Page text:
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Did a WWII nuclear experiment make the U of C radioactive? Um, No. But did the Manhattan Project’s Enrico Fermi consider the risk to Chicago? via WBEZ

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Chicago Pile 1 was never meant to be under the University of Chicago’s former football field. Project managers originally wanted the full experiment to run in the Red Gate Woods, southwest of the city. But builders at Red Gate went on strike, so Compton and Fermi faced a decision: abandon the experiment, or move it. Fermi told Compton he felt confident that the pile could be built safely and effectively in the squash court under Stagg field.

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Compton trusted Fermi, enough so that he chose to move forward with the experiment at Stagg Field without telling the University’s president. “The only answer he could have given would have been no, and this answer would have been wrong, so I assumed the responsibility myself,” said Compton in his memoirs.

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The following year Chicago Pile 1 was moved out to Red Gate woods, where it was intended to be in the first place. There, scientists reshaped it as a cube and renamed it Chicago Pile 2. When its physicist guardians felt they had learned all they could from the pile, they buried it in the woods. This burial site is on public land and even has a gravestone to befuddle unsuspecting hikers and other passersby.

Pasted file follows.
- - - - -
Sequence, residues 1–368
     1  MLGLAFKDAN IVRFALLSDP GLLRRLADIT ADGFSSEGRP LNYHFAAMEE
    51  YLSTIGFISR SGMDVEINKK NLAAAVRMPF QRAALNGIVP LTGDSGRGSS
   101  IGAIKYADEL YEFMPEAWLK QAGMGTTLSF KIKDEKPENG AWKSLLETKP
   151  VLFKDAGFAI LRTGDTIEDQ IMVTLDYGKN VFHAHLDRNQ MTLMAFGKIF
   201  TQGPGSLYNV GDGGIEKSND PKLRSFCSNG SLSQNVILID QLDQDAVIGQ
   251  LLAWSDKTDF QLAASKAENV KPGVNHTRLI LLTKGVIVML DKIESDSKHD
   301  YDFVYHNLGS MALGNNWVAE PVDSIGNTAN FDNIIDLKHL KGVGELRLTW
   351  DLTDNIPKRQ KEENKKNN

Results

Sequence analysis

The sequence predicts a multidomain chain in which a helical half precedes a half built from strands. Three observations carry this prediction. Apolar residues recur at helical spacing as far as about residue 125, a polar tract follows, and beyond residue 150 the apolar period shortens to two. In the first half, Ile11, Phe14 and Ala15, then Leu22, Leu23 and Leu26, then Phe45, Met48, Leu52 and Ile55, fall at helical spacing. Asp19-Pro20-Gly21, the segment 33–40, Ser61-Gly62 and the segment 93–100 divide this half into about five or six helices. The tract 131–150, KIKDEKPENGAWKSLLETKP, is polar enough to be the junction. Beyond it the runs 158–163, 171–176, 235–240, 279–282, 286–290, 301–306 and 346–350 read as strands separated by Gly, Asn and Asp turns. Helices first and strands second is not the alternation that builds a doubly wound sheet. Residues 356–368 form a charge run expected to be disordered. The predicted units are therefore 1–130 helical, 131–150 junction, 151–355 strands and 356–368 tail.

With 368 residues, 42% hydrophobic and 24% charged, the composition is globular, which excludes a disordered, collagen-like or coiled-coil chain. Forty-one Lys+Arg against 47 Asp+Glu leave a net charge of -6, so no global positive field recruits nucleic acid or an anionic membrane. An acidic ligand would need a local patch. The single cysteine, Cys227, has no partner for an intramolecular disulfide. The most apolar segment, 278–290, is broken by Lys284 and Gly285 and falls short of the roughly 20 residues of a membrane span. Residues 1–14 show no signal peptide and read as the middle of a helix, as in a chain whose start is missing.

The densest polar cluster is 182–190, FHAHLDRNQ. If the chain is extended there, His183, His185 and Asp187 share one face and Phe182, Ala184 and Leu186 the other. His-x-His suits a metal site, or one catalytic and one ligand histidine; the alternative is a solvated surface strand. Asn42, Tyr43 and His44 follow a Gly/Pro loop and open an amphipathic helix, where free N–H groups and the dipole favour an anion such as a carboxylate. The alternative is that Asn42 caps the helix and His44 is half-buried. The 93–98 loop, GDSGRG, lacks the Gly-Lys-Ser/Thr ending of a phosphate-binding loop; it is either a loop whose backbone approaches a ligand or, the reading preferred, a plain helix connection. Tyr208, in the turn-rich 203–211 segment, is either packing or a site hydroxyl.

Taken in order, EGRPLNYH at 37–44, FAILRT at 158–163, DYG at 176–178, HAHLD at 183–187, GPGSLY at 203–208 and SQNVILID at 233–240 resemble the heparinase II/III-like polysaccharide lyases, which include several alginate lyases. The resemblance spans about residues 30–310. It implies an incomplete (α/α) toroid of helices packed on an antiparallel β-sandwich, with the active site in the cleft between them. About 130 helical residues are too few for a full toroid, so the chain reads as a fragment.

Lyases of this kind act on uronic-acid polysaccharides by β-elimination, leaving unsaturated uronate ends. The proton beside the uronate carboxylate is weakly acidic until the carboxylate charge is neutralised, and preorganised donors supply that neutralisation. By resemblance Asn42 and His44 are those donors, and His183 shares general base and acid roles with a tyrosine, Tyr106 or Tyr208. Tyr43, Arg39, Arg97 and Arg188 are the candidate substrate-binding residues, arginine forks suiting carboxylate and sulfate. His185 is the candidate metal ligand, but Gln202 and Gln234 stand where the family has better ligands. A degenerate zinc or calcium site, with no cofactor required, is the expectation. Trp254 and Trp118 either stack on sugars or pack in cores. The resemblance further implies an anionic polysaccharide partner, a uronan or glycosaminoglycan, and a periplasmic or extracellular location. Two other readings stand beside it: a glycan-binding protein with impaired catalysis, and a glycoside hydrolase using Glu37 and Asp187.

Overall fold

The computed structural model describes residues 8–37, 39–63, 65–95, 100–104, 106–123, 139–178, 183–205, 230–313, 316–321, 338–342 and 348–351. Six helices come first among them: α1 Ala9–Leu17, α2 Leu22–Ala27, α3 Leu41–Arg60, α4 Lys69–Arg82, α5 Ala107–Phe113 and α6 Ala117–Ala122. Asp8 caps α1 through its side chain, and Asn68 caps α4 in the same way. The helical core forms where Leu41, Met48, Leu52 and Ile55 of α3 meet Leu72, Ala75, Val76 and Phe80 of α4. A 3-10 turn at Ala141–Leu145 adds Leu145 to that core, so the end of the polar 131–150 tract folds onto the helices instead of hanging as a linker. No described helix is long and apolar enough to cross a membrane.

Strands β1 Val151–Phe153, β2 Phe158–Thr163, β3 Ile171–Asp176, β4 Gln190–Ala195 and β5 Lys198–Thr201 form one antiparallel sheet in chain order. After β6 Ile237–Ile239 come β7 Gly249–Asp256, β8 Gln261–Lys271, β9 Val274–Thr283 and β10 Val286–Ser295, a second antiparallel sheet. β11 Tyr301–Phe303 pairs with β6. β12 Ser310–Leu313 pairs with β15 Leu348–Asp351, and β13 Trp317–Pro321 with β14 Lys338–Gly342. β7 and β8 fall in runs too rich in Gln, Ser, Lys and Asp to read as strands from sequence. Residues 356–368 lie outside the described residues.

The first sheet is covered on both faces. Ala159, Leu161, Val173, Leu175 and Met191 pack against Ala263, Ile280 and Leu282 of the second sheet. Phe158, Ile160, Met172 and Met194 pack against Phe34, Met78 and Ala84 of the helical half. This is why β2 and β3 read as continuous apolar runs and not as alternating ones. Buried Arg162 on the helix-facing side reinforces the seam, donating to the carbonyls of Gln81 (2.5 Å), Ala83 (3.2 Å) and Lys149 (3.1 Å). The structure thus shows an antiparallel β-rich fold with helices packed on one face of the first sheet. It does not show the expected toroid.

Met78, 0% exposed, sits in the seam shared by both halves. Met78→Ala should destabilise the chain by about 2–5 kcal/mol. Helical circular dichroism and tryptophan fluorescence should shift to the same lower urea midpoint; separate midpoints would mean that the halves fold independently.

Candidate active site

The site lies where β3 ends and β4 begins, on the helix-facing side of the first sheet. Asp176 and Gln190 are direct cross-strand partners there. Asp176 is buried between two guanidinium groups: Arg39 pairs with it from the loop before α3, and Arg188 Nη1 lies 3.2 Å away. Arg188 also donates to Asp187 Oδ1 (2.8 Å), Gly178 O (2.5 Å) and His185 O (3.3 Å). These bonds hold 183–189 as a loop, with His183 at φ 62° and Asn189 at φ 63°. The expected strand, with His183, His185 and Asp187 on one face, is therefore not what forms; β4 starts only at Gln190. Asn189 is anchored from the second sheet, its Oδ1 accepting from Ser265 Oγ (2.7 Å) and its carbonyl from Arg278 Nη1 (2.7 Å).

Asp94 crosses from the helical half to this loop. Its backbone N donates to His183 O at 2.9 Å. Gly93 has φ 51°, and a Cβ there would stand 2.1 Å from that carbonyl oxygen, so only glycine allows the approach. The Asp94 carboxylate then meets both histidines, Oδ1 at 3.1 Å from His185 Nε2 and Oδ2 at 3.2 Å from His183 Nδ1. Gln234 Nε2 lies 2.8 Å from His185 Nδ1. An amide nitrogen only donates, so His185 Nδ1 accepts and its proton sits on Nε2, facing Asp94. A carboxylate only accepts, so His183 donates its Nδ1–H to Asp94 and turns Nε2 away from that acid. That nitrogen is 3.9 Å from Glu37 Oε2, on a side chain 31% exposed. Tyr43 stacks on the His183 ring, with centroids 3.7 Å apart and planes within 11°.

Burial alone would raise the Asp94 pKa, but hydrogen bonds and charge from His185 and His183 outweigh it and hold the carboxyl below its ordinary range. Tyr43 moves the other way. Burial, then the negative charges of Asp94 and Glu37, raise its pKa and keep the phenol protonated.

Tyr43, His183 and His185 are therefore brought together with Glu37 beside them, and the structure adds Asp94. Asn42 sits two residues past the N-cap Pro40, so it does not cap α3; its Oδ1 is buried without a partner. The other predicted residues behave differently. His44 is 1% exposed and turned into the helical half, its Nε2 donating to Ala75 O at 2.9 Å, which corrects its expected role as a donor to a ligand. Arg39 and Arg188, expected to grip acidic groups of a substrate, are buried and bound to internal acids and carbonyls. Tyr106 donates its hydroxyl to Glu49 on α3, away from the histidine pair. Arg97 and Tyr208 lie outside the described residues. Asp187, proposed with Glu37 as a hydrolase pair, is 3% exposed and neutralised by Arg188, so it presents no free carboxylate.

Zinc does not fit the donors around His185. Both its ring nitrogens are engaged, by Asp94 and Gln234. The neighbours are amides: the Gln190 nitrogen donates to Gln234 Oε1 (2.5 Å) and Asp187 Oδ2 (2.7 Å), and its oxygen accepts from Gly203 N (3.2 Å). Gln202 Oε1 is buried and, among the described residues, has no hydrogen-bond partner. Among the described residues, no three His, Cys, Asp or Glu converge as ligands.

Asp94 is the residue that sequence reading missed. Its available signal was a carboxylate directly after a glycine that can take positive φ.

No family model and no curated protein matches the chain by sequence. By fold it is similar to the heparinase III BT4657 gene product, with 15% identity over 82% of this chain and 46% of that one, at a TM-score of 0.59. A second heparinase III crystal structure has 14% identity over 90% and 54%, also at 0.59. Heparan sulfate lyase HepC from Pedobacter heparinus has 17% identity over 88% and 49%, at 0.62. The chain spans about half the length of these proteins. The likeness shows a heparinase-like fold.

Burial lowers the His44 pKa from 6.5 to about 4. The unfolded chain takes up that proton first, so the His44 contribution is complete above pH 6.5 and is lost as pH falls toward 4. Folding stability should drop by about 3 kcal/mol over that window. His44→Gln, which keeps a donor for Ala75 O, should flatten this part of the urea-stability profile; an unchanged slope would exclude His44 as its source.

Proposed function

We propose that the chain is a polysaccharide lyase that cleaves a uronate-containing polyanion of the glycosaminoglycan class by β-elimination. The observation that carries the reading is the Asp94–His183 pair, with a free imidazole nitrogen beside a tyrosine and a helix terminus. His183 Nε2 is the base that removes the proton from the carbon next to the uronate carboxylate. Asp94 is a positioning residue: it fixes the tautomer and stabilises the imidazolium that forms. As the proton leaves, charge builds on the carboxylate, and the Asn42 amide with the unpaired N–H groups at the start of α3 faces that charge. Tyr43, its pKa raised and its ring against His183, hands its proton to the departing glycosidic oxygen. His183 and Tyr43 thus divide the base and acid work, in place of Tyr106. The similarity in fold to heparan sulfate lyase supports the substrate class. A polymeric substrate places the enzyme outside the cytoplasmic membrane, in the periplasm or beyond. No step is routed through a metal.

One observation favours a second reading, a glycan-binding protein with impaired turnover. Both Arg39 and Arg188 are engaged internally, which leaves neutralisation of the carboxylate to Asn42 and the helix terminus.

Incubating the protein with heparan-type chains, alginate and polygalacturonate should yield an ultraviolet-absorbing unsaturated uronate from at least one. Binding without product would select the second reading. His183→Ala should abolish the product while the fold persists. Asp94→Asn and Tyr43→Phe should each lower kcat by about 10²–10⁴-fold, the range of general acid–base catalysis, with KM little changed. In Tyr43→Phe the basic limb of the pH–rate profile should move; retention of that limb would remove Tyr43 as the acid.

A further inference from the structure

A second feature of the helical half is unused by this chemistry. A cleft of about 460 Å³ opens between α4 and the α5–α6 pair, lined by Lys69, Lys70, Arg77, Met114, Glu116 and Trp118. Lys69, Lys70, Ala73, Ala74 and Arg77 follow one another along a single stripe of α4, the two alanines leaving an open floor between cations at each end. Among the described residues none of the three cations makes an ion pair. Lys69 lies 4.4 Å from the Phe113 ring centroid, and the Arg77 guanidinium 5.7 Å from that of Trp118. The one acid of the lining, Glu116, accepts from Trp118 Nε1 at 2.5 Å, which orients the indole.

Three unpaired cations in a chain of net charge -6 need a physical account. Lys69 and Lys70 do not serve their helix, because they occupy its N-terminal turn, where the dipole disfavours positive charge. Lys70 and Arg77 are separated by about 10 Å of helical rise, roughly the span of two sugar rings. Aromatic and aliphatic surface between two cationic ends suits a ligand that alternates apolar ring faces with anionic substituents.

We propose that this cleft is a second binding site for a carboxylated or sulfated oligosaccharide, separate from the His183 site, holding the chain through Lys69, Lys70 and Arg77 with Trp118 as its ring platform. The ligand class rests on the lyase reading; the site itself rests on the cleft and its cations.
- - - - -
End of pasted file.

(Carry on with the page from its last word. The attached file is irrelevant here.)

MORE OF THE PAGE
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The grave isn’t easy to find – Google Maps will lead you only to an unmarked trail-head and, after you arrive, you’ll find no sign saying “Nuclear reactor this way.” If you’re a little weak-kneed about visiting or you feel uncomfortable hitting up the stray jogger or hiker about the pile’s ultimate demise, you can find details and a museum-like tour at the nearby Argonne National Laboratory.

Read the whole story at Did a WWII nuclear experiment make the U of C radioactive? Um, No. But did the Manhattan Project’s Enrico Fermi consider the risk to Chicago?

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